Political Paradigm of Pragmatism from the Khmer Youth part 51
This part (51), Mr. Sophan Seng elaborated on good leaders who have always produced more leaders, not more
followers. Theoretically, the concept broadens from family leadership, to community and nation leadership. Western philosophy as well as Cambodian philosophy exclusively boosts the importance of empowering youths and new members of community to be self-reliance and self-accountability. Khmer proverb says “young bamboo shoots are the backbone of future generations” is a testament of this basic human resource leadership.
Practically, at the juncture of Cambodia changes, political landscape has been inherited by hierarchy of upper power abused their own power boundary to advance for personal gains. Subsequently, the lower powers and bottom line citizens are tamed to be submissive and dependent. This type of leadership shall shrink this nation in the long term future.
To develop this nation for long term future sustainable growth, the attitude change is a must for all Cambodian citizens. But to achieve this mission pragmatically, we should consider the Khmer proverb “don’t bent the Srolao tree, don’t instruct the oldies”. So to change attitude of Cambodian people, we should begin with those children (kindergarten or grade 1).
In a rural commune situated along the Mekong river in Kratie province, a group of women with a strong motivation to work for other women`s emancipation come together and decided to engage in activities that could inspire women and offer them new roles and opportunities. They established a network of women volunteers and with the support of a NGO they started small projects to encourage women’s self-confidence and capacities, and help them stepping out of tradition and engage in new roles. When decentralisation made available to women new positions at village and commune level, these women were able to assume these roles; they become leaders within community organisations and in the 2007 commune council elections one of them gained the position of chair of the commune council.
For this reason their experience offered a great opportunity to learn more about the best strategies that women can employ to gain representation in local politics and to analyse what changes such representation can produce among community in terms of gender equality. The research process initiated by the Heinrich Böll Foundation in cooperation with these women started in 2008 and lasted until 2011.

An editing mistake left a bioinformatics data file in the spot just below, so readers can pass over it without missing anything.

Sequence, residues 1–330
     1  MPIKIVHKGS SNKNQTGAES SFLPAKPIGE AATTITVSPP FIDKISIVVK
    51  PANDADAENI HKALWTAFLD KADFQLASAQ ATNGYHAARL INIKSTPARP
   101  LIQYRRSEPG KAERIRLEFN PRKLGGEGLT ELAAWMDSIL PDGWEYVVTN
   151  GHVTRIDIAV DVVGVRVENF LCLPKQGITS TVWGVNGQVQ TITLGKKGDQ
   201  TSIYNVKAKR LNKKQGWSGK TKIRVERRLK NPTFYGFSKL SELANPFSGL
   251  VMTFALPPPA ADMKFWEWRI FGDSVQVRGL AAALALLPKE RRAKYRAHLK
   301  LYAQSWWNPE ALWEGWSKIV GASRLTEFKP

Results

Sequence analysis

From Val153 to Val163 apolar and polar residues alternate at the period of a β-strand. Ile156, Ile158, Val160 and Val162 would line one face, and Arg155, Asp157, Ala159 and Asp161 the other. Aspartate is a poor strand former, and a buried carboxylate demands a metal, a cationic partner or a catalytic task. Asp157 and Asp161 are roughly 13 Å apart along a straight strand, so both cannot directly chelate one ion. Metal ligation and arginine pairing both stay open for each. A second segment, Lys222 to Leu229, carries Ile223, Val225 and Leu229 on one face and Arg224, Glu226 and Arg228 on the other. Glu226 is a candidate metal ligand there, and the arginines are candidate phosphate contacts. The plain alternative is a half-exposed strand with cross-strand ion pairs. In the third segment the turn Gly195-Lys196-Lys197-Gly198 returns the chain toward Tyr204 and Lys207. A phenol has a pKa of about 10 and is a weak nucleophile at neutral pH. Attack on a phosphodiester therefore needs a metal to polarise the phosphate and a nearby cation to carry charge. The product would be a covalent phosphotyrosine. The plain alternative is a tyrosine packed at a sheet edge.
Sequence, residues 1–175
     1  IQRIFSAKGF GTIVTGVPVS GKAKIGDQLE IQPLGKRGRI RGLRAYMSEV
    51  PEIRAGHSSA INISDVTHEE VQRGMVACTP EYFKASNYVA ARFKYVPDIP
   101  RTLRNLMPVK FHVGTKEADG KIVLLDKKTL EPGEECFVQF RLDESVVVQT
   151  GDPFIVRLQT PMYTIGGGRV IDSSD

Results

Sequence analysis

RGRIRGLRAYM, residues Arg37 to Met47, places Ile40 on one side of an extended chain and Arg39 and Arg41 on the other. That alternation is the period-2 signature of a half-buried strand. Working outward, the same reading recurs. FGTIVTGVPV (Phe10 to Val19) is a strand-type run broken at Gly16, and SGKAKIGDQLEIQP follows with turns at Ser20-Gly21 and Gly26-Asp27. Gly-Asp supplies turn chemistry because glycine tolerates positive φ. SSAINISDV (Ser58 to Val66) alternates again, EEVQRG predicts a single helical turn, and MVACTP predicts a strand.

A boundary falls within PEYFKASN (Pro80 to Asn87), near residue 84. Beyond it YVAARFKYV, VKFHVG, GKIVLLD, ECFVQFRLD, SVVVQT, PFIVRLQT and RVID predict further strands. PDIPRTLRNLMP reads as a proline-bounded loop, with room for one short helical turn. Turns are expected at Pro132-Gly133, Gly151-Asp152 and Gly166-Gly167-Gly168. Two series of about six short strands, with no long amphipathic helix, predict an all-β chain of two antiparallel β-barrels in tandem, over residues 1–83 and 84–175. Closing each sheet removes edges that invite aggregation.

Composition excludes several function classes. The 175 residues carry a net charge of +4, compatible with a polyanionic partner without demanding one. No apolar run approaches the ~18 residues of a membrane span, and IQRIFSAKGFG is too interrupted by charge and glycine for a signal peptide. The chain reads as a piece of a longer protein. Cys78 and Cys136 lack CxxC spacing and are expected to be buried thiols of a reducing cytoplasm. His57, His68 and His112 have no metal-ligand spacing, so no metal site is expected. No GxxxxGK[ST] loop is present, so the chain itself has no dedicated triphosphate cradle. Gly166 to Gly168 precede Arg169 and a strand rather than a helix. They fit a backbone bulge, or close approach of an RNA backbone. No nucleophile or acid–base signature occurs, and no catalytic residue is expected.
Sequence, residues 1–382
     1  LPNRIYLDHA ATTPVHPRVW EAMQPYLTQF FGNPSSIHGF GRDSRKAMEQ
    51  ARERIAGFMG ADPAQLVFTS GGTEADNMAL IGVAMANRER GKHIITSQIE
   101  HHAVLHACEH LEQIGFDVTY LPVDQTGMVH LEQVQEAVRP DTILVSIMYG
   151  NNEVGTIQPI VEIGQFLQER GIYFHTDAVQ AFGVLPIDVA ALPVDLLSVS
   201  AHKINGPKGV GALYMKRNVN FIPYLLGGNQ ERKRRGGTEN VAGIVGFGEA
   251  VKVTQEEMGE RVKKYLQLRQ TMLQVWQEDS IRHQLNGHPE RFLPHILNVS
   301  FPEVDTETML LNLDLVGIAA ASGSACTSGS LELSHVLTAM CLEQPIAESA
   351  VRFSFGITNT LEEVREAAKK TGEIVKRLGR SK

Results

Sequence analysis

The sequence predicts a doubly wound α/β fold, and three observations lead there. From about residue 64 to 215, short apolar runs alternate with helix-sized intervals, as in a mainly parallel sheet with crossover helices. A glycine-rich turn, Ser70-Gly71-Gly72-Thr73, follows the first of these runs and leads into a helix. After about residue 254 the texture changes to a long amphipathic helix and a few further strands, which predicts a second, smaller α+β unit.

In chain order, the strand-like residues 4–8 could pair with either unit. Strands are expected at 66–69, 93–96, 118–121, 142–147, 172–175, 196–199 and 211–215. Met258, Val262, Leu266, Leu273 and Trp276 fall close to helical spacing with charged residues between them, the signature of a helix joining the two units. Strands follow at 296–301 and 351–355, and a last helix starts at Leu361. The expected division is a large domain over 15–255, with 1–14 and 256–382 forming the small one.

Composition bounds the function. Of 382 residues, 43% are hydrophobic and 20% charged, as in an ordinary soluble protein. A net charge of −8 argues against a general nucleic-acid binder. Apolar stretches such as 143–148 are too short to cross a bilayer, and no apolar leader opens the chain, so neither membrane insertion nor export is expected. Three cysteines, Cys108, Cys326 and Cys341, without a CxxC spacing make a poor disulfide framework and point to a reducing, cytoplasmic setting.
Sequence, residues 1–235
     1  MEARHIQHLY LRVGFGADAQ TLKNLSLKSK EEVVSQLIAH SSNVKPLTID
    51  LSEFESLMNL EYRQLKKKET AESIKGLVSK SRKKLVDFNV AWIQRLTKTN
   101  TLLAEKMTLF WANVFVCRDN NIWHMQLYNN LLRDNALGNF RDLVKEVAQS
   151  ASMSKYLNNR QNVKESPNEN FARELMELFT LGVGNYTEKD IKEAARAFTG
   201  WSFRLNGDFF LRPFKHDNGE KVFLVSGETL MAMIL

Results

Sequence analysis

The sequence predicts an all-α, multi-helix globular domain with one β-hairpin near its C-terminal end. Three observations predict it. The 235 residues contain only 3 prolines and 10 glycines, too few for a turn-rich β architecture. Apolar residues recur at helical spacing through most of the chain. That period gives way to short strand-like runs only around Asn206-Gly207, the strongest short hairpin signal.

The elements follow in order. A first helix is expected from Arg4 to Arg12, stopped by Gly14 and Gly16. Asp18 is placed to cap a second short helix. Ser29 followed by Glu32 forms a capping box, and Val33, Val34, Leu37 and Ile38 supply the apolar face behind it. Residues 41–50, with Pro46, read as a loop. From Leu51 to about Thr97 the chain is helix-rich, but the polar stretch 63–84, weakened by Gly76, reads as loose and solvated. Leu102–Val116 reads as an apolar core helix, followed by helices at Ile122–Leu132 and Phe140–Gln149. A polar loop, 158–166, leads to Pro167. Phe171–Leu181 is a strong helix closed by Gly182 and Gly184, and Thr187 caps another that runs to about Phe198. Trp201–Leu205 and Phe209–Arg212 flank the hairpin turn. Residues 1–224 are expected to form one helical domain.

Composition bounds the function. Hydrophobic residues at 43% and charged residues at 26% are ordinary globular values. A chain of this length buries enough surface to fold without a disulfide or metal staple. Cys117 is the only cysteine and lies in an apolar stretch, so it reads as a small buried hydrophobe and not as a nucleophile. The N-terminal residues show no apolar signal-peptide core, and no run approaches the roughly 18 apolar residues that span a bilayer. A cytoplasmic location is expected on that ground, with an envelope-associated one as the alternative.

The small group of committed women has centred their capacity building on women’s self-esteem, pursued through specific activities to overcome gender based discrimination and the feeling of being inadequate and incapable that result from it. Little by little other community women have been able to assume new tasks in social organisations, like fishery committees or health volunteers’ networks, or in formal political positions when these become available. The initial group of women grew into a critical mass of women active at various levels within their community.
The leaders` group have gone through a process of reshaping gender roles that has involved their personal sphere and their family’s relations, and has required patience and capacities. By being able to promote changes within their families, convincing husbands to accept wives’ public roles and act consequently, they have obtained the esteem of the community’s women, and have proved that gender roles can be re-negotiated peacefully and with mutual advantages. Their example provides them recognition as trustable leaders by women and men.
During this process, they have been confronted with crises, in particular when community’s access to resources such as forest or water sources, was endangered. In that occasions they took side with the community and engage on the side of the people in a series of initiatives to protect resources and rights. As a result community people acknowledged them as correct and accountable leaders, not corrupt and willing to act and stand up on the side of the people, even when integrated into the mainstream of formal politics. Noticeably, the women leaders have diverse political affiliations, but this has never impeded them to work together.
Political Paradigm of Pragmatism from the Khmer Youth part 50
This part (50), Mr. Sophan Seng analysed on an unavoidable internal conflicts within the weak laws enforcement states. Political scientists found that major democratic states were evolved from internal conflicts and competitions especially among “personal interest group”. It is rare to having change to democracy through external force.
But, this evolution has experienced fragile and risky than sustainable success because of deadly conflicts among personal interest group and internal rivals were not deterred including the dividing force is too strong to resist.
PM Hun Sen has believed in himself about controlling people with all means he could use to maintain such leadership. His leadership style is more inclined into private CEO rather than to fulfill his duties in accordance to democratic principles or the rule of laws. Realistically, Cambodia has been a paternal government (leaders are regarded as father of the people) and oligarchy leadership (only strong and powerful networks operate the state affairs) through UNTAC organized democratic election in 1993. When PM Hun Sen were able to control power, he has remained using the same leadership “paternal government and oligarchy networks by mixing with crony free market capitalism”.
Many times, PM Hun Sen has explicitly and implicitly intervened the due processes of the Cambodia court. The effort to control the court shall intensify the internal conflicts as well as the bloody conflict which is hardly to be avoided.